In a C# class project, what is AssemblyCulture used for?

assemblyconfiguration
assemblytrademark
assemblyversionattribute
assembly information c#
c# assembly attributes
assembly culture
assemblyinformationalversionattribute c#
c# set assembly version

Within a C# class project, there's the Properties file called AssemblyInfo.cs. Within this file are a series of assembly attributes including AssemblyTitle, AssemblyDescription, and so on, which are used to describe certain details about the compiled project. One of these is AssemblyCulture.

I understand what the others are used for, but What is AssemblyCulture used to describe? Language? Currency? A bit of both?

Whenever I've seen this property, it's been left blank.

From the documentation:

The attribute is used by compilers to distinguish between a main assembly and a satellite assembly. A main assembly contains code and the neutral culture's resources. A satellite assembly contains only resources for a particular culture, as in [assembly:AssemblyCultureAttribute("de")]. Putting this attribute on an assembly and using something other than the empty string ("") for the culture name will make this assembly look like a satellite assembly, rather than a main assembly that contains executable code. Labeling a traditional code library with this attribute will break it, because no other code will be able to find the library's entry points at runtime.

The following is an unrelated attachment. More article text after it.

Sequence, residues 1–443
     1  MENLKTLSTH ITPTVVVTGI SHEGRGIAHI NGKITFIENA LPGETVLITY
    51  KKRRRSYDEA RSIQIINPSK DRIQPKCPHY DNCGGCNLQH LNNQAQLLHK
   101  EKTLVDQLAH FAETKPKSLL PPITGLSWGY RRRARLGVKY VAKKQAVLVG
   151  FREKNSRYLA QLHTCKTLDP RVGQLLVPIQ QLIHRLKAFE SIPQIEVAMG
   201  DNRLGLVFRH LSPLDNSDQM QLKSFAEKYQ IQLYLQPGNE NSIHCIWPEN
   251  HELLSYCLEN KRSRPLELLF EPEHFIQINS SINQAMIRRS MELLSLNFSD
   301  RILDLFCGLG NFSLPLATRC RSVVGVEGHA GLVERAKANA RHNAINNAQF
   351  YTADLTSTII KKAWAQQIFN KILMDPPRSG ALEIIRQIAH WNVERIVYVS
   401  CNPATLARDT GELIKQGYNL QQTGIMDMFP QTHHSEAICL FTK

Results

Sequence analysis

To summarize: This attribute is used internally by the framework to mark the satellite assemblies automatically created when you add localized resources to your project. You will probably never need to manually set this attribute to anything other than "".

properties, You can use attributes to set an assembly's version and culture. The common language runtime uses this value to perform binding operations in strong-named C# Copy. [assembly:AssemblyKeyFileAttribute("myKey.snk")]  Assembly files are the result of the C# compiler reading in human readable C# source files, and then producing a file the application can use. In fact a C# program will often consist of many assembly files working together.

When I googled your question I came up with a quick answer from this tutorial. It has a small description which I'm providing below and it looks like that's where you can specify localization but I'm not sure how much work it does for your assembly.

"AssemblyCultureAttribute Class implements AssemblyCulture attribute which is used to specify culture of an assembly as well as indicte that this is not a main assembly but rather its satellite.

[assembly: AssemblyCulture("de")] // German

"

AssemblyCultureAttribute Class (System.Reflection), When you are developing a class library and additions to the library in existing assemblies that are marked as internal in C# or Friend in Visual Basic. You can use the InternalsVisibleToAttribute attribute to identify one or  Per MSDN, this includes such things as the names for the culture, the writing system, the calendar used, and formatting for dates and sort strings. For translations, the most significant aspect is a combination of language and dialect.

Quote from the documentation: